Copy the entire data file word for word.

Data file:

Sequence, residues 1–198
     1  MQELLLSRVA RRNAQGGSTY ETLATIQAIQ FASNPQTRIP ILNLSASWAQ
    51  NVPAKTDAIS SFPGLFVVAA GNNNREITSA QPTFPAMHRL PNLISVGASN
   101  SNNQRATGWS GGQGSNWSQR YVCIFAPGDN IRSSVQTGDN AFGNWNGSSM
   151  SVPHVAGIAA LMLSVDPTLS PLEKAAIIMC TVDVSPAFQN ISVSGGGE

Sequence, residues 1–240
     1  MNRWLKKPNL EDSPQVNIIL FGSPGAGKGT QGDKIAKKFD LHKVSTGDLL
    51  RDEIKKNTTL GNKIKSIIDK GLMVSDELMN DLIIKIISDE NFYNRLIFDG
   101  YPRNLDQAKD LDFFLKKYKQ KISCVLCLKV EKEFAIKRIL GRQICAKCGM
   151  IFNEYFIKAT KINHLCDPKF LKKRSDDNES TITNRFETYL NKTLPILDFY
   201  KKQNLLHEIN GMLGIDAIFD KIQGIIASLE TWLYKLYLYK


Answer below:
Sequence, residues 1–198
     1  MQELLLSRVA RRNAQGGSTY ETLATIQAIQ FASNPQTRIP ILNLSASWAQ
    51  NVPAKTDAIS SFPGLFVVAA GNNNREITSA QPTFPAMHRL PNLISVGASN
   101  SNNQRATGWS GGQGSNWSQR YVCIFAPGDN IRSSVQTGDN AFGNWNGSSM
   151  SVPHVAGIAA LMLSVDPTLS PLEKAAIIMC TVDVSPAFQN ISVSGGGE

Sequence, residues 1–240
     1  MNRWLKKPNL EDSPQVNIIL FGSPGAGKGT QGDKIAKKFD LHKVSTGDLL
    51  RDEIKKNTTL GNKIKSIIDK GLMVSDELMN DLIIKIISDE NFYNRLIFDG
   101  YPRNLDQAKD LDFFLKKYKQ KISCVLCLKV EKEFAIKRIL GRQICAKCGM
   151  IFNEYFIKAT KINHLCDPKF LKKRSDDNES TITNRFETYL NKTLPILDFY
   201  KKQNLLHEIN GMLGIDAIFD KIQGIIASLE TWLYKLYLYK